Remains of Lenton Priory

Remains of Lenton Priory

ONLY a few stones scattered here and there in the gardens and walls of Lenton are left to remind us of what was once one of the greatest and most important religious houses in the Midlands.

The picture shows us what is probably the most spectacular relic of this wonderful establishment, representing the remains of a Norman column left derelict in a garden in Old Church-street.

The Cluniac Priory of Lenton was founded some time between 1103 and 1108 by William Peveril, the Norman baron to whom, some 20 years before, William the Conqueror had entrusted the task of constructing Nottingham Castle.

Amply endowed by its founder, Lenton Priory rose to a position of great opulence and wealth, and so large were its resources that upon half-a-dozen occasions the reigning king of England was entertained as guest within its walls.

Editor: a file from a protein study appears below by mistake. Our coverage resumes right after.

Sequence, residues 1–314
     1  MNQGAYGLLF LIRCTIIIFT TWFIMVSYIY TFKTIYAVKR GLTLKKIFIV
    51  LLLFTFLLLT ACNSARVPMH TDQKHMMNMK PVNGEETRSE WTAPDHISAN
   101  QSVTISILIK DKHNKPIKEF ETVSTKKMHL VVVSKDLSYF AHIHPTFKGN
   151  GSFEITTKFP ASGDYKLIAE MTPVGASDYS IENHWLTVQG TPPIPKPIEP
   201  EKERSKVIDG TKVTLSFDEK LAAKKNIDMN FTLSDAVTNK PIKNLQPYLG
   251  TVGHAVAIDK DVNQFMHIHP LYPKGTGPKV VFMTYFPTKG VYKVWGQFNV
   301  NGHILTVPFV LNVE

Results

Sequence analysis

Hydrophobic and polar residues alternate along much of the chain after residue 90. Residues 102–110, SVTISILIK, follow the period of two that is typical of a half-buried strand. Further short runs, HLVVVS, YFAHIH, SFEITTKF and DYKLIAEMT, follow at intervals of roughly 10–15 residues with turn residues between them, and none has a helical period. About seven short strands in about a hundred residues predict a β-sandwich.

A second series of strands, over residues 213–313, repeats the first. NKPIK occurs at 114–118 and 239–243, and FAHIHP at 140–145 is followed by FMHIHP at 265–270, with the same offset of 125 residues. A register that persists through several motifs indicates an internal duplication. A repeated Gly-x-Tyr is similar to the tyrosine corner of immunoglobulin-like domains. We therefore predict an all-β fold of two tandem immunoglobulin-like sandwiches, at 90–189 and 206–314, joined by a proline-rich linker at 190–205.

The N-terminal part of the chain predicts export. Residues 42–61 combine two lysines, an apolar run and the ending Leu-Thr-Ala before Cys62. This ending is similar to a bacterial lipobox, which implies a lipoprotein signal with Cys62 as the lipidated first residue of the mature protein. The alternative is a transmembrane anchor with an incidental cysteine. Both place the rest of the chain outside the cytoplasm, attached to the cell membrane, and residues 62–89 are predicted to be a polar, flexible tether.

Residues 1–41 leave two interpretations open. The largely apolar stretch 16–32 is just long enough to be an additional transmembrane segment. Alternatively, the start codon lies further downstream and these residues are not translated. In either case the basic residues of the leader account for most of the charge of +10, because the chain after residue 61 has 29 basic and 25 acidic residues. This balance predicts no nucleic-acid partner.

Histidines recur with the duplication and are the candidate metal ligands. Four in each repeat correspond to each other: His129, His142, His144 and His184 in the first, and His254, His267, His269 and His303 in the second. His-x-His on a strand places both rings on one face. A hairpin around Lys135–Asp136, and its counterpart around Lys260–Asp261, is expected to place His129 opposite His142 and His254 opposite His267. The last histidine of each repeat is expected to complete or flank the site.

Its story throughout the Middle Ages is far too intricate to enter into here, but its existence was terminated in 1539 by the surrender of its property into the hands of King Henry VIII. The tradition is that Nicholas Heath, the last Prior, was hanged for his share in the Pilgrimage of Grace, outside the Abbey Gate which crossed the road just opposite the White Hart.

The estates of the convent were granted by Henry VIII. to Sir Michele Stanhope, who also obtained the estates of Shelford Priory and so established the connection of the Stanhopes (who afterwards became the Earls of Chesterfield) with this neighbourhood.